As a discerning collector, generous benefactor, and perceptive scholar, Alfred Bader has made a lasting and significant contribution to the study of Netherlandish art. His autobiography Adventures of a Chemist Collector (London, 1995) presents his lively activities and personality. The present, beautiful volume presents 22 essays by scholars and museum professionals whose diverse insights into Dutch and Flemish art reflect the breadth of Dr. Bader’s own interests.
As befits Dr. Bader’s activities as a collector, Rembrandt and his associates have a central position in this publication. Yet the broader range of Bader’s concerns is reflected in essays on topics including Old Testament subjects and Italian art, such as Pierre de la Ruffinière du Prey’s discussion of Wenzel Hollar’s etchings of the Jerusalem Temple, Clovis Whitfield’s identification of the character in a Carracci portrait, Astrid T¸mpel’s evocation of Jerusalem, and Martha Wolff’s discussion of Kings David and Solomon in Antwerp Mannerist paintings. Two essays concern Jacob van Ruisdael: George Keyes on aspects of the artist’s landscapes and Seymour Slive on the artist’s work for Cornelis de Graeff and other patrons. Drawings, as newly discovered sheets, stages in the working process, and underdrawings, are the focus of essays by David McTavish on De Gheyn, William Robinson on Jan Muller, Axel Rüger on Van Bassen, and Marjorie Wieseman on Netscher. Arthur Wheelock explores the viewer’s experience of a painting with particular respect to the framing of Vermeer’s Woman holding a Balance. Rüdiger Klessmann surveys the wider reception of Elsheimer in the north. Jonathan Bikker considers the seven paintings by Annibale Carracci in the collection of Balthasar Coymans in Amsterdam. Gregory Martin publishes a Rustic Kitchen by Willem van Herp, an Antwerp painter who deserves to be better known. Jane Russell Corbett interprets a fascinating alchemical painting by Thomas Wyck.
Ronni Baer analyzes Dou’s Old Woman Cutting Bread, probably the artist’s earliest candlelit scene, which has been acquired recently by the Boston Museum of Fine Arts. David De Witt thoughtfully considers the small oil on copper, Scholar by Candlelight, now attributed to Rembrandt (Bader collection) in terms of its authorship and style, and in the context of practice and themes by Rembrandt and Brouwer. Christopher Brown highlights the drawings by Rembrandt and paintings by his pupils in Oxford. Volker Manuth relates Van den Eeckhout’s Tobias, Anna, and the Goat of 1652 (Bader collection) to well-known precedents by Buytewech and Rembrandt, and considers the artist’s choice of dramatic moment, painterly expressiveness, and thematic interpretation. Christian Tümpel analyzes Aert de Gelder’s religious iconography in terms of the artist’s renderings of themes also treated by Rembrandt and known to both artists through print series, the Statenbijbel, and Flavius Josephus. Tümpel observes that, in contrast to Rembrandt, De Gelder “removes all uncertainties from his painting” with respect to identification of subject (p. 217). Walter Liedtke reopens the question of the identity of the main figure in Rembrandt’s Aristotle with a Bust of Homer (New York, Metropolitan Museum of Art). The earliest notation (1654) refers to the painting as “Aristotle or Albertus Magnus.” By considering why the picture could have been considered to represent either of these philosophers, Liedtke enlarges the range of its associations to include the human senses, especially sight and touch. One omission in his otherwise extensive bibliography is Jaco Rutgers, “Rembrandts naam en faam in Italië in de zeventiende eeuw,” Kroniek van het Rembrandthuis 2003/1-2, pp. 3-21, which contains accurate transcriptions of the relevant documents (published elsewhere in other forms). I mention this for the sake of completeness, and because the Kroniek is an extremely useful and sometimes overlooked publication. Douglas Stewart examines the possible connections between Lievens, Van Dyck, Rubens, and Rembrandt during the 1620s; his suggestion, published in 1990 (“Before Rembrandt’s ‘Shadow’ fell … ,” The Hoogsteder Mercury, vol. 11, 1990, pp. 42-47) and reaffirmed here that Lievens may have apprenticed in Antwerp in 1620-21 was considered “too daring” in the exhibition catalogue Mystery of the Young Rembrandt, Kassel/Amsterdam, 2001-2002 (p. 107), but given the stylistic comparisons and circumstances, should be kept within the discourse. The possibility that Lievens was in Antwerp 1620-21 is bolstered by the two states of his portrait in Van Dyck’s Iconography: first without, and then with, his moustache; the two impressions taken together may indicate that Van Dyck first knew Lievens as a youth, and later reworked the plate to portray a more mature man.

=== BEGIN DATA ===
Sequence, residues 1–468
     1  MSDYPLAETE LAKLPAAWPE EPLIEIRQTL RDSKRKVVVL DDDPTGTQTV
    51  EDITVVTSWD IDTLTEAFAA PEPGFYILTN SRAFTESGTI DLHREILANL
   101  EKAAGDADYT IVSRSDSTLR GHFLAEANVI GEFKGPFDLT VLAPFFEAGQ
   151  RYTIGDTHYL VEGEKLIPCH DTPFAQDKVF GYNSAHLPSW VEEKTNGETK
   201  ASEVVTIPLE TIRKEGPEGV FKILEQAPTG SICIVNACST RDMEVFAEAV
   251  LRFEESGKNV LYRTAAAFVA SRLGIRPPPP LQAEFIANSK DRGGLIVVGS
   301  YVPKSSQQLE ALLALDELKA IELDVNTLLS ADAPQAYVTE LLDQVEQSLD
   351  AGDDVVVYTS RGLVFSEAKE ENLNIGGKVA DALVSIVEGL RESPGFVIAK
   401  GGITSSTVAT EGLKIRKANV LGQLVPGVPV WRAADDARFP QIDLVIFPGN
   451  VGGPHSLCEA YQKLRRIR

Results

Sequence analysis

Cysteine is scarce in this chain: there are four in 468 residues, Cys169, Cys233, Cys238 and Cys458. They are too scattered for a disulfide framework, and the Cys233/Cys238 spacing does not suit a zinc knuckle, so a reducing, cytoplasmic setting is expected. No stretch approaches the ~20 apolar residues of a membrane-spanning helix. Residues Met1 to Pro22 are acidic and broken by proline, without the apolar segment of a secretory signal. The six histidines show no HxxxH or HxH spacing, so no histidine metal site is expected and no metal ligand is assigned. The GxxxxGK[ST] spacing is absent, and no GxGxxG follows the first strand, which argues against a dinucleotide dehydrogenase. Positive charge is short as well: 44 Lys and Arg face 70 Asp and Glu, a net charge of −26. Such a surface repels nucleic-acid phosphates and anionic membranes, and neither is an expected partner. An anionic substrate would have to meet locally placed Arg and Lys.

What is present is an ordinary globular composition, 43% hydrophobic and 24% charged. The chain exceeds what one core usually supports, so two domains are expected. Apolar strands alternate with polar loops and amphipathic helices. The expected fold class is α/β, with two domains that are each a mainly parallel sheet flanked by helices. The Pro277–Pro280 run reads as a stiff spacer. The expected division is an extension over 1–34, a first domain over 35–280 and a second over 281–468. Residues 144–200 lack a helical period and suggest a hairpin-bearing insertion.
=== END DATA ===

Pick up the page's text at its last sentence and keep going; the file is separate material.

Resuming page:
This brief summary cannot encompass the many gems of nuanced interpretation, visual analysis, and solid reasoning presented in this stimulating collection of essays, a fitting and elegant tribute to one who has done so much to further the study of Netherlandish art.